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To validate digitally displayed photographic portion-size estimation aids (PSEA) against a weighed meal record and compare findings with an atlas of printed photographic PSEA and actual prepared-food PSEA in a low-income country.
Participants served themselves water and five prepared foods, which were weighed separately before the meal and again after the meal to measure any leftovers. Participants returned the following day and completed a meal recall. They estimated the quantities of foods consumed three times using the different PSEA in a randomized order.
Two urban and two rural communities in southern Malawi.
Women (n 300) aged 18–45 years, equally divided by urban/rural residence and years of education (≤4 years and ≥5 years).
Responses for digital and printed PSEA were highly correlated (>91 % agreement for all foods, Cohen’s κw = 0·78–0·93). Overall, at the individual level, digital and actual-food PSEA had a similar level of agreement with the weighed meal record. At the group level, the proportion of participants who estimated within 20 % of the weighed grams of food consumed ranged by type of food from 30 to 45 % for digital PSEA and 40–56 % for actual-food PSEA. Digital PSEA consistently underestimated grams and nutrients across foods, whereas actual-food PSEA provided a mix of under- and overestimates that balanced each other to produce accurate mean energy and nutrient intake estimates. Results did not differ by urban and rural location or participant education level.
Digital PSEA require further testing in low-income settings to improve accuracy of estimations.
To investigate preferences for and ease-of-use perceptions of different aspects of printed and digitally displayed photographic portion-size estimation aids (PSEA) in a low-resource setting and to document accuracy of portion-size selections using PSEA with different visual characteristics.
A convergent mixed-methods design and stepwise approach were used to assess characteristics of interest in isolation. Participants served themselves food and water, which were weighed before and after consumption to measure leftovers and quantity consumed. Thirty minutes later, data collectors administered a meal recall using a PSEA and then a semi-structured interview.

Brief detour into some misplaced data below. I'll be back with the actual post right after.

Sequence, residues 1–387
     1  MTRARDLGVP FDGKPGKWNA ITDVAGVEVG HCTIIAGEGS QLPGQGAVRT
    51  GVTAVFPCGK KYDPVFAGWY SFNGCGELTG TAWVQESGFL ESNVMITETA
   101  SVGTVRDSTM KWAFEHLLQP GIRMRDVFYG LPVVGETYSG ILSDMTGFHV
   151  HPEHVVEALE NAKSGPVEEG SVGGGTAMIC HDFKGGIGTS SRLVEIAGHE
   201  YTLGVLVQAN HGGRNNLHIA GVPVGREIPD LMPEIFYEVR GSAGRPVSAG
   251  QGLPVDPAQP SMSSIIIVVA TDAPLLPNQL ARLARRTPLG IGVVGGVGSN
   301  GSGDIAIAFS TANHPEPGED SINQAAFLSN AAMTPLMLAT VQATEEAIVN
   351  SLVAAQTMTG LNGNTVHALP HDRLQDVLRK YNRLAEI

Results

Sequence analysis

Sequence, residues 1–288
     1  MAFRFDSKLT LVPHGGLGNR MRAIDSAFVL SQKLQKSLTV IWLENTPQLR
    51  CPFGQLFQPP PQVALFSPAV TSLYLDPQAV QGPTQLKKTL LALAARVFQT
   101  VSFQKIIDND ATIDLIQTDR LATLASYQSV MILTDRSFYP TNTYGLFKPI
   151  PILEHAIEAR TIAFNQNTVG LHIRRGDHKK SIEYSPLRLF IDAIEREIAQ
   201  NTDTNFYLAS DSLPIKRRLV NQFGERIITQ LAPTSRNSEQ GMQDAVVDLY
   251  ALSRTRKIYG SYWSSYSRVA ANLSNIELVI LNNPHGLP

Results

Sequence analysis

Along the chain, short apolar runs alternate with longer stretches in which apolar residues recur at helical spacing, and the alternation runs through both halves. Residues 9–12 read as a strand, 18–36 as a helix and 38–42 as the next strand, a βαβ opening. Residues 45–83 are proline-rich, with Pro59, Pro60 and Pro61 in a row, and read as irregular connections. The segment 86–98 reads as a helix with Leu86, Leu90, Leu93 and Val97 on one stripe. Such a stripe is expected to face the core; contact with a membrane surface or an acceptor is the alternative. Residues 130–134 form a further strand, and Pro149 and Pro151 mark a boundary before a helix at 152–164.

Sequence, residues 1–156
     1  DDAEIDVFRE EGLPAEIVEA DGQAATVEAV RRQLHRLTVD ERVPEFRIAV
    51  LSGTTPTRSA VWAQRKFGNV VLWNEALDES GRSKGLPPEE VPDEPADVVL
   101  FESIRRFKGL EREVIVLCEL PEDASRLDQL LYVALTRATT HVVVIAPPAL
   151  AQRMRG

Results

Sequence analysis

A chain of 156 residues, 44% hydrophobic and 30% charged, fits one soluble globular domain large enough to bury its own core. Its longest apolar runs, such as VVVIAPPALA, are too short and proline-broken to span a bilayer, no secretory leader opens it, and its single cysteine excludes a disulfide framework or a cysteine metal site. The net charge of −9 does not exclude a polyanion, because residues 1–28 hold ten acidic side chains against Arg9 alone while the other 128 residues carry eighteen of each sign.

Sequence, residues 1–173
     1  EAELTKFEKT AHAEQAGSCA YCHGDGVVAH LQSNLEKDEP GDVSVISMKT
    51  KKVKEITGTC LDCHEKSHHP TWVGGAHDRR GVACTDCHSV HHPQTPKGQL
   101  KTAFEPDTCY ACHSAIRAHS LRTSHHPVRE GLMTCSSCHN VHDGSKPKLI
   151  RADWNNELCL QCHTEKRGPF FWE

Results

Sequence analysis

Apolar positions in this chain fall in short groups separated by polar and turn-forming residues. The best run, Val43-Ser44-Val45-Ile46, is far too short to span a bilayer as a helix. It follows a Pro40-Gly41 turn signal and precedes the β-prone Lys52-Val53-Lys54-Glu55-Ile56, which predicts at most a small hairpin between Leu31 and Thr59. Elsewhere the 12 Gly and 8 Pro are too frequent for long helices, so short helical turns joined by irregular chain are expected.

Blantyre and Chikwawa Districts in the southern region of Malawi.
Ninety-six women, aged 18–45 years.
Preferences and ease-of-use perceptions favoured photographs rather than drawings of shapes, three and five portion-size options rather than three with four virtual portion-size options, a 45° rather than a 90° photograph angle, and simultaneous rather than sequential presentation of portion-size options. Approximately half to three-quarters of participants found the portion-size options represented appropriate amounts of foods or water consumed. Photographs with three portion sizes resulted in more accurate portion-size selections (closest to measured consumption) than other format and number of portion-size option combinations. A 45° angle and simultaneous presentation were more accurate than a 90° angle and sequential presentation of images.
Results from testing PSEA visual characteristics separately can be used to generate optimal PSEA, which can improve participants’ experiences during meal recalls.
The present paper aimed to demonstrate how 24 h dietary recall data can be used to generate a nutrition-relevant food list for household consumption and expenditure surveys (HCES) using contribution analysis and stepwise regression.
The analysis used data from the 2011/12 Bangladesh Integrated Household Survey (BIHS), which is nationally representative of rural Bangladesh. A total of 325 primary sampling units (PSU=village) were surveyed through a two-stage stratified sampling approach. The household food consumption module used for the analysis consisted of a 24 h open dietary recall in which the female member in charge of preparing and serving food was asked about foods and quantities consumed by the whole household.
A total of 6500 households.
The original 24 h open dietary recall data in the BIHS were comprised of 288 individual foods that were grouped into ninety-four similar food groups. Contribution analysis and stepwise regression were based on nutrients of public health interest in Bangladesh (energy, protein, fat, Fe, Zn, vitamin A). These steps revealed that a list of fifty-nine food items captures approximately 90 % of the total intake and up to 90 % of the between-person variation for the key nutrients based on the diets of the population.
The study illustrates how 24 h open dietary recall data can be used to generate a country-specific nutrition-relevant food list that could be integrated into an HCES consumption module to enable more accurate and comprehensive household-level food and nutrient analyses.
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